Hm, that’s a weird expression. Oh well. Without further ado, here are three books about totally messed-up possible futures for the human race! Thanks for the nightmares, Blake Crouch, Brian Wood and Warren Ellis.
Pines, book one of the Wayward Pines trilogy, is a fast-paced thriller with a dystopian twist. The writing is lean with short paragraphs and descriptions that wouldn’t look out of place in a screenplay (Come to think of it, that probably made the story very easy to adapt for TV). And while not totally original, it’s undeniably fun.
Crouch acknowledges the influence of Twin Peaks on his novel, saying that he wished to recreate the feelings experienced when he watched the David Lynch show as a boy. It’s obviously a big influence (right down to the name of the town — whoever named “Twin Peaks” could have easily named “Wayward Pines,” too). But I was also reminded a lot of the Wool series, particularly the explanation for what’s going on. There’s also some elements that seemed ripped from Tarantino, like the Kill Bill-esque nurse in old-fashioned uniform wielding big syringe (of course, Tarantino probably ripped this off of something else). But even if Crouch is taking elements from other creators, I must admit that I admire his taste in influences.
Look, this book isn’t going to be on a list of best American literature, but I can’t deny I had a lot of fun reading it. It’s not overly time-demanding, and I even read it free through Amazon Prime. Next time you need a quick dose of Twin Peaks-y dystopia, you could do worse than the Wayward Pines series.
A fast-paced introduction to an exciting dystopian future where America has entered a second civil war. As epic as that sounds, Wood keeps the focus on character to hook the reader in this graphic novel from Vertigo. It all feels very current, too, in light of today’s splintered politics.
Volume 1 just gives a taste of the overall story and feels very much like the introduction. It’s gripping all the same and left me excited to read more. I’ll definitely be continuing this series.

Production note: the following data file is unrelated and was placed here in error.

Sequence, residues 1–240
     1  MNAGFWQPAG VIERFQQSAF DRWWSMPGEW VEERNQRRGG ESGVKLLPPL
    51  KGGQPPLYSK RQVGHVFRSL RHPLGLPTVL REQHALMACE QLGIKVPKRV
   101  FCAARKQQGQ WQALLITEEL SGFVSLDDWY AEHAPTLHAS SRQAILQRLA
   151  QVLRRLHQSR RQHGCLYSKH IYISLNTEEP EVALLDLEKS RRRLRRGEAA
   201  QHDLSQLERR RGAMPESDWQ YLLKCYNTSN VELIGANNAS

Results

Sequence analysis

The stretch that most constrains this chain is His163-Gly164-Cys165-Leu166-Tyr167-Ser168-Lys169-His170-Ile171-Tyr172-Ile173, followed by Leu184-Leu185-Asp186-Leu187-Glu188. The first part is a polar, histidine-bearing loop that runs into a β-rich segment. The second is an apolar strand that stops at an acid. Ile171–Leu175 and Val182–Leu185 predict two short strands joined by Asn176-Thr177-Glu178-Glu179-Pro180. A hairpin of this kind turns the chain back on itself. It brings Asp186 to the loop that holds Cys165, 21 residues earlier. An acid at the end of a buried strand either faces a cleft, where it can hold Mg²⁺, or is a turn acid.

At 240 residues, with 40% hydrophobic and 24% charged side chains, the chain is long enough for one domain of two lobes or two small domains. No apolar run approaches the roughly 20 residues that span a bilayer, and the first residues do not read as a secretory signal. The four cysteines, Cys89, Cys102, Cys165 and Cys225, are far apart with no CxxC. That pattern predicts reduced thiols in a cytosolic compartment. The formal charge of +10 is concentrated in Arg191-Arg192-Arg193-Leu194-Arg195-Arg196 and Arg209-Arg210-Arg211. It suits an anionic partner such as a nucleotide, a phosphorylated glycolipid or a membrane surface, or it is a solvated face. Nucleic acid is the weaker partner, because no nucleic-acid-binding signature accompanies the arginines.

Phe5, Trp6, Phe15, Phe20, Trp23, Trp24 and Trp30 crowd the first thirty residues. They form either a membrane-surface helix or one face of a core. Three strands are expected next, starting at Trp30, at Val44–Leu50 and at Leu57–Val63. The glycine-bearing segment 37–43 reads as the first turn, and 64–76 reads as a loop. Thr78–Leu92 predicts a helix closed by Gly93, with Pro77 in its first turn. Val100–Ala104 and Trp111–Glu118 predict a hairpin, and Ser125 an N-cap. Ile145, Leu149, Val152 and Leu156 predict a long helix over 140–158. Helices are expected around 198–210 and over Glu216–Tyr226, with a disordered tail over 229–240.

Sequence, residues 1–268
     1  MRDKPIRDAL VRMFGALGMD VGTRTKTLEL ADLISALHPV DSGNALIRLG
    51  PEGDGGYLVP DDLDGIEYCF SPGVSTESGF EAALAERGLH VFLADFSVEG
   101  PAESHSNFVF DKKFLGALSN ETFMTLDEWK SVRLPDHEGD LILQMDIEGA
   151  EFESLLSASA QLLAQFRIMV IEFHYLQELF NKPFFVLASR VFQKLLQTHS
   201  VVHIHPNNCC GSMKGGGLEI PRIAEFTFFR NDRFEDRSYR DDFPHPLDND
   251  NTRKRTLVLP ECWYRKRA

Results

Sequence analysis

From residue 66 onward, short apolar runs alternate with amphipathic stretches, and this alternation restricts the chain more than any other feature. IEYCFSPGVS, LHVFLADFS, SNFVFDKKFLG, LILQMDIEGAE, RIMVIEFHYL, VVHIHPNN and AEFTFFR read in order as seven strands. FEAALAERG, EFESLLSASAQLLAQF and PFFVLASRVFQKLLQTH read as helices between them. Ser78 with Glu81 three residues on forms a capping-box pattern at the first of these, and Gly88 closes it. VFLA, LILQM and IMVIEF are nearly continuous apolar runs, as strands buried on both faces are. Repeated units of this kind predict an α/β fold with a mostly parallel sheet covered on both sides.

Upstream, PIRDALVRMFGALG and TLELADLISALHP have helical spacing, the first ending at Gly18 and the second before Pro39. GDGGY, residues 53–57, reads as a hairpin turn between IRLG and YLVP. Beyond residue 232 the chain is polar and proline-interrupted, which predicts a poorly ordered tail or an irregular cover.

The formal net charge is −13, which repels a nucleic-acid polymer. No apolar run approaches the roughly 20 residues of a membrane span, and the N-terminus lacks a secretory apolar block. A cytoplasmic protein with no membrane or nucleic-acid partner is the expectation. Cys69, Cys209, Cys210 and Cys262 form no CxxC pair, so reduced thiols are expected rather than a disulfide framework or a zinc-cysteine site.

I’d tell you what it’s about, but I think the author would rather you find out for yourself. This is one of those graphic novels where you don’t quite know what’s going on until the end, and even then you’re kind of like, “Well that’s messed up.”
I do have to give the creators credit for this — I read this in one sitting. Despite all the technical jargon coming out of the characters’ mouths, Injection never gets bogged down with a lot of exposition. And the artwork kept my eyes moving from panel to panel. But would I read Volume 2? I don’t know. Maybe if I saw it at the library.
It might be that none of the characters are that likable. They certainly have distinct voices, but … I found it difficult to really sympathize with or get behind anyone.
A warning for those sensitive to violence/gore: this book probably isn’t for you. It’s not that there’s a lot of action, really, but when the knives come out, they REALLY find their target, if you see what I’m saying.
If you’re a fan of Ellis and Shalvey’s excellent Moon Knight run, you might want to give this a go. But you may end up wishing you were reading a new volume of Moon Knight.
Well, that’s the end of today’s edition of Adam Bender reads … If you’ve read any of the above books, I’d love to hear if you agree or disagree with my reviews in the comments below! Or let me know what books you think I should read next!
DIVIDED WE FALL picks up on the events of WE, THE WATCHED. With the nation under attack, Agent Eve Parker must find and arrest her fiancé, who has lost his memory and become a revolutionary named Seven. However, when Eve learns more about the President’s plan to broaden citizen surveillance, she begins to question just who is right.
I hope you enjoy the book and look forward to reading your review!